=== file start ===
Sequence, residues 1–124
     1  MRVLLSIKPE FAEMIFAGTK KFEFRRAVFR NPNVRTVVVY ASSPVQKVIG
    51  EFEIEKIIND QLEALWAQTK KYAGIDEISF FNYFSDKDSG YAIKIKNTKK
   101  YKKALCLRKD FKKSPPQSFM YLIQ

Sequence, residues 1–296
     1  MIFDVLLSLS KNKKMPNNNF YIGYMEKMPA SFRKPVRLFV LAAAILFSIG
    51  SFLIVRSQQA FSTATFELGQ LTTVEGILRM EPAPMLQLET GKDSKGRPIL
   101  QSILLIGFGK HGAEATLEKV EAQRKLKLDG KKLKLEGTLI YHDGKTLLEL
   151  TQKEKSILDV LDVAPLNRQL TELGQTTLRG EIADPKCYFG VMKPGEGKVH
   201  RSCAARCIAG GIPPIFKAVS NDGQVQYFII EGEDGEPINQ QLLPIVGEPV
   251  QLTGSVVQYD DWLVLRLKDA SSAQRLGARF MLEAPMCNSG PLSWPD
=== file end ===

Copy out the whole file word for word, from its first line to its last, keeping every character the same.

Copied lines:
Sequence, residues 1–124
     1  MRVLLSIKPE FAEMIFAGTK KFEFRRAVFR NPNVRTVVVY ASSPVQKVIG
    51  EFEIEKIIND QLEALWAQTK KYAGIDEISF FNYFSDKDSG YAIKIKNTKK
   101  YKKALCLRKD FKKSPPQSFM YLIQ

Sequence, residues 1–296
     1  MIFDVLLSLS KNKKMPNNNF YIGYMEKMPA SFRKPVRLFV LAAAILFSIG
    51  SFLIVRSQQA FSTATFELGQ LTTVEGILRM EPAPMLQLET GKDSKGRPIL
   101  QSILLIGFGK HGAEATLEKV EAQRKLKLDG KKLKLEGTLI YHDGKTLLEL
   151  TQKEKSILDV LDVAPLNRQL TELGQTTLRG EIADPKCYFG VMKPGEGKVH
   201  RSCAARCIAG GIPPIFKAVS NDGQVQYFII EGEDGEPINQ QLLPIVGEPV
   251  QLTGSVVQYD DWLVLRLKDA SSAQRLGARF MLEAPMCNSG PLSWPD